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Quote:
 Original post by EdtharanIn this way, these games can simulate more complex factors (wind, dust, the training of the troops, etc) without actually having to have the player calculate all of them. As these factors are highly variable, they use a variable device (dice) to simulate these variations.
And don't forget that even the most perfect strategies can fail due to bad luck - communication or identification mixups, equipment failure, etc.

Sometimes, someone just gets obscenely lucky - in real life or in a game. Last time I played Risk, I lost 24 consecutive die-rolls, to be defeated by a single army [wink]

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Original post by Girsanov
Quote:
 Original post by KazeMost tabletop games are extremely simplified to make gameplay move faster and I would recommend that if your making a computer game to make a bit deeper combat mechanics.

Please elaborate. What do you feel should be included in a computer game but was excluded for tabletop games? Thanks!

I cant really answer this without knowing what type of game you want to make but at the very least you shouldn't restrict yourself to the limitations of tabletop gaming given the trivial costs of basic math operation on a computer.

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 Original post by GirsanovDo "strategy" players actually enjoy having so much randomness? I always thought they like miniature wargaming due to the strategy, tactics and planning involved.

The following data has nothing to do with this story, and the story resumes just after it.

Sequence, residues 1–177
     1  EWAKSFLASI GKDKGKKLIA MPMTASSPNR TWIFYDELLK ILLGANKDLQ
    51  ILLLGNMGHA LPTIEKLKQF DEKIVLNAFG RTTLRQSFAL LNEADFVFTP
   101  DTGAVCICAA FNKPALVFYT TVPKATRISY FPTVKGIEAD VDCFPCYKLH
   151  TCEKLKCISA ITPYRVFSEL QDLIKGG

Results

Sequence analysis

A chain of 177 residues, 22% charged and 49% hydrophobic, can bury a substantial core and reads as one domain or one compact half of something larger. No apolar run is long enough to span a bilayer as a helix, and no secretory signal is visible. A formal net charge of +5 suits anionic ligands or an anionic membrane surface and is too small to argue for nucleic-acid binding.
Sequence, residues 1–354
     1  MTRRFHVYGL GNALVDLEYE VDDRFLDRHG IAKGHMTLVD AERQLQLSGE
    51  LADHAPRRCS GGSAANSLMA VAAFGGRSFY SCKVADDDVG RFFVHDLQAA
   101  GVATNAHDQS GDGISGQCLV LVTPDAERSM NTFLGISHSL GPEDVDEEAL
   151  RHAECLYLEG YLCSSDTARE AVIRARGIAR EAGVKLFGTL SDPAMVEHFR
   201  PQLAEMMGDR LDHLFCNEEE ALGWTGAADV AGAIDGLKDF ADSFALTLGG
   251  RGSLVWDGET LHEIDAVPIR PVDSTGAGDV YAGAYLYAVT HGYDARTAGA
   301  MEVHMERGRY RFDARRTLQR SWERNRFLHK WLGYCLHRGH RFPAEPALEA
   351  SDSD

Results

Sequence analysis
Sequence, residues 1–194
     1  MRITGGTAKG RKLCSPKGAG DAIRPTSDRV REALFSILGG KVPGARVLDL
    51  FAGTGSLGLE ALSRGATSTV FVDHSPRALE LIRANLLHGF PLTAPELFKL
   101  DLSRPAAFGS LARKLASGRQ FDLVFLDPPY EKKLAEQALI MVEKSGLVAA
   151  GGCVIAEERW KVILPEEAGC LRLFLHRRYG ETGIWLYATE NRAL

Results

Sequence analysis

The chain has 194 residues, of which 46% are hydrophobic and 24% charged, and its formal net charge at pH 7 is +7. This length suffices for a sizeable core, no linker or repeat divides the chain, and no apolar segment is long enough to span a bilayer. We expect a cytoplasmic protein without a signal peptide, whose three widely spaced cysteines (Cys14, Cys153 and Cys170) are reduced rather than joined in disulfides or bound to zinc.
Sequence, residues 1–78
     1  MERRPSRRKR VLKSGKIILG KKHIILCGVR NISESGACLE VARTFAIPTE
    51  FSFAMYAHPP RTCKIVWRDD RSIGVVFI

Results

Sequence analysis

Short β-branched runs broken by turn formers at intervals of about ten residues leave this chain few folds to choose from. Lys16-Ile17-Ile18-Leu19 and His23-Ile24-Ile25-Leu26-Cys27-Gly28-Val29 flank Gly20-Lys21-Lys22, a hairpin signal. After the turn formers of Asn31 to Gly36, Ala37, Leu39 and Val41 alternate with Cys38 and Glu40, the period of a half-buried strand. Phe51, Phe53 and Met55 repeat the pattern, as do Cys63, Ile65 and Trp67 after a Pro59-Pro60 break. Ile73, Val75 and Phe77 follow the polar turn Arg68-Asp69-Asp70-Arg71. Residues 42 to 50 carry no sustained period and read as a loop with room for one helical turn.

Risk management is a part of strategy.

Things always go wrong. A good strategy stacks the odds in your favour, and ensures that on balance, more things go right than wrong. It is also better able to adapt to potentially disastrous isolated failures.

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Sandman's beat me to it. It's all about risk versus reward. Knowing the exact outcome of your actions can suck a lot of the risk out of the outcome - and as a result, you're not likely to make moves that may not have the best result. Whereas, in a more random scenario, you might have by far the upper hand, but your actions still carry an inherent risk of something going wrong. Better yet, you might be acting against the odds, and come through significantly better than would have been expected. These potential, more unpredictable outcomes are what keep the game interesting, and prevent things become a stagnant repeat of tried and tested methodologies.

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Risk management is one thing. Being unable to lower the fumble probability below 5% is another thing.

Why approximate things by a dice throw ? If you want to approximate things, use 3.5 as an average result. Why have a 10% hit chance at X meters ? Have 10% the damages. That is how it would work on the real world anyway.

Sure in the real life things can go lucky, but is that interesting as a game mechanics ? Is it interesting that a player with a superior strategy can lose ?

I'll tell you the true reason for dices in miniature wargamming : it gives the losing side something to put the blame on. The games that don't have randomness are less popular for this reason : it clearly shows who did use the best strategy. I also suspect that randomness is convenient to hide balance problems.